Go Back   ManagementParadise.com | Management & Business Education Learning Platform PUBLISH / UPLOAD PROJECT OR DOWNLOAD REFERENCE PROJECT > Marketing Management

Customer Relationship Management of Southwest Airlines

Discuss Customer Relationship Management of Southwest Airlines within the Marketing Management forums, part of the PUBLISH / UPLOAD PROJECT OR DOWNLOAD REFERENCE PROJECT category; Southwest Airlines Co. (NYSE: LUV) is an American airline based in Dallas, Texas. Southwest is the largest airline in the ...

Reply

 

Thread Tools Display Modes
Customer Relationship Management of Southwest Airlines
Old
 (1 (permalink))
Netra Shetty
netrashetty is on a distinguished road
 
netrashetty
Student of PGDM at Mats Institute of Management and Entrepreneurship
Bangalore, Karnataka
Management Paradise Guru
 
Status: Offline
Posts: 4,857
Join Date: Dec 2010
Location: Bangalore, Karnataka
Customer Relationship Management of Southwest Airlines - January 20th, 2011

Southwest Airlines Co. (NYSE: LUV) is an American airline based in Dallas, Texas. Southwest is the largest airline in the United States, based on domestic passengers carried, as of June 30, 2010 (2010 -06-30)[update].[2] Southwest operates more than 3,100 flights a day, as of January 2011[update], utilizing a fleet of 547 Boeing 737 aircraft.[3]

Southwest is known throughout the aviation industry as a "low-cost carrier" because of its unique business model. The model includes flying one aircraft type, the Boeing 737, on high-density routes throughout the United States. Southwest's "low-cost" business model is further defined by the airline not offering many services, which are a standard offering on most traditional American carriers, such as a First Class cabin, airport lounges, reserved seat assignments, and video/audio programing. By not offering these services, Southwest claims that it can offer lower fares and produce a higher return on invested capital than other airline companies.[3]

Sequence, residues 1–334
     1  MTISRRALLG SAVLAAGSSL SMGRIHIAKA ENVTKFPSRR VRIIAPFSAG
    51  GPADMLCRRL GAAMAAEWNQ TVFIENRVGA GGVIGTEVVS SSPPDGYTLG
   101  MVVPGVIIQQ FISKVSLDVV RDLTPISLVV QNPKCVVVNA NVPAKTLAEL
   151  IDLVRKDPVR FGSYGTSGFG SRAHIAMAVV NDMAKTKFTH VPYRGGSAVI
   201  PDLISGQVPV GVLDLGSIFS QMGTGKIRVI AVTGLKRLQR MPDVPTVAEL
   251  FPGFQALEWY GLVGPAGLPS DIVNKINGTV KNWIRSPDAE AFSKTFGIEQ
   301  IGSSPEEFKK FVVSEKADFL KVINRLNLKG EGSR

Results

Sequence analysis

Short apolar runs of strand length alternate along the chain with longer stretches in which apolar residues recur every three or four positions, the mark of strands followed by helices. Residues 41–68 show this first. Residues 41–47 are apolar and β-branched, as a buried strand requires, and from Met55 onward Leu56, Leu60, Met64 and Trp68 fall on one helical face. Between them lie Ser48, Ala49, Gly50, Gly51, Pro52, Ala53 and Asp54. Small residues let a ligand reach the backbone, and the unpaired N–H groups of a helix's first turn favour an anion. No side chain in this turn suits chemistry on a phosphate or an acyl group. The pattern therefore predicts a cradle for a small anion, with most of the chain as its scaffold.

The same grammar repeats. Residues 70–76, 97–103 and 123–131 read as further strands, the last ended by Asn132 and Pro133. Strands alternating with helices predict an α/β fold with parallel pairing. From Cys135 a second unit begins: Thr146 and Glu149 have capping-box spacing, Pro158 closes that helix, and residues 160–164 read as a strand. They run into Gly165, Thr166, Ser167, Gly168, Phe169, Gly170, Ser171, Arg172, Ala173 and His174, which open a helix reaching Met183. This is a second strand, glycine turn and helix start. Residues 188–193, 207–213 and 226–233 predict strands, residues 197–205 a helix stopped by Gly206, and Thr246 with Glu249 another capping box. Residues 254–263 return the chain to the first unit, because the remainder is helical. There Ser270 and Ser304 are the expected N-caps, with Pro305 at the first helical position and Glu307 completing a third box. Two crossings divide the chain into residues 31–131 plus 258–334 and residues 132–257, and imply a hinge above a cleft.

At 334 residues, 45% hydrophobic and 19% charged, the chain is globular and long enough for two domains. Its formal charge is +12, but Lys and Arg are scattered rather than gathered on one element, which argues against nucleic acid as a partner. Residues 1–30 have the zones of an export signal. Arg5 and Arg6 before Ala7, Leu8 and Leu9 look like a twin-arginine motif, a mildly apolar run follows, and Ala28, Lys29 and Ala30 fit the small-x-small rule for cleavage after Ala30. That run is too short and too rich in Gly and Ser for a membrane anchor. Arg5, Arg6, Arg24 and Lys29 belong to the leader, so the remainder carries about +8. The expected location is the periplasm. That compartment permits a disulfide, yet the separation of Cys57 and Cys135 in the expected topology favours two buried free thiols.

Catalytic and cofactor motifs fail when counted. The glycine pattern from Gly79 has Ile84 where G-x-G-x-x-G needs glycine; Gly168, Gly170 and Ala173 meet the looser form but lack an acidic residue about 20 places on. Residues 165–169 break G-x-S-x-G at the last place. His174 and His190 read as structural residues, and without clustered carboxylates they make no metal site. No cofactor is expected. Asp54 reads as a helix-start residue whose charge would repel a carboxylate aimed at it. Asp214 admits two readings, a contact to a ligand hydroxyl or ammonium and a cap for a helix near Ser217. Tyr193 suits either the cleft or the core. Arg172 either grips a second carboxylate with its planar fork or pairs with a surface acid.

On September 27, 2010, Southwest Airlines announced it would acquire AirTran Airways.[4]

The R.P. Scherer Corporation manufactures encapsulation products for the pharmaceutical and nutritional health industries. With a long history of industry expertise, the company commands over 60% of the worldwide market for soft elastic gelatin capsules, Scherer similarly produces a major share of two-piece fused hardshell capsules, popular among drug companies as pharmaceutical encasements. In recent years, however, competition from drug companies manufacturing their own capsules has reduced Scherer's hardshell business. The increasing demand for soft-shell capsules. principally through the growing vitamin market, partially compensated for the decrease in sales. Acquisitions outside the area of capsules also served to broaden the earnings base. Yet internal management disputes and unreliable markets have prevented the company from regaining its former position. Only with the recent introduction of MaxEPA, a highly regarded fish-oil capsule, has there been hope of improvement.

Robert Pauli Scherer was born in 1907, the son of an eye specialist. In 1930 he received a degree in chemical engineering from the University of Michigan. After a brief period of employment in a pharmaceutical company Scherer resigned and devoted himself to developing a capsuling machine. Working in his father's basement metal shop for three years, Scherer eventually patented his machine and revolutionized the pharmaceutical industry. A model of Scherer's rotary die process machine is presently on exhibit at the Smithsonian Institution in Washington.

Using his newly invented machine, Scherer formed the Gelatin Products Company. Immediately successful, the new company soon secured business with a growing list of pharmaceutical manufacturers and in 1947 adopted its present name. While claiming nothing he had ever accomplished could be considered "work," the young company leader found himself managing a multinational corporation with subsidiaries operating in Canada, Europe, and South America. Always searching for new products to encapsulate, Scherer's entrepreneurial spirit led him to experiment with such unusual mediums as insect repellent and lighter fluid.

At the age of 53 Scherer died, passing company leadership to his son Robert P. Scherer Jr. From that time until the mid-1970's the operation of the Scherer corporation seemed secure. Its virtual monopoly on the soft gelatin market increased the company's stock to a high of $40 per share.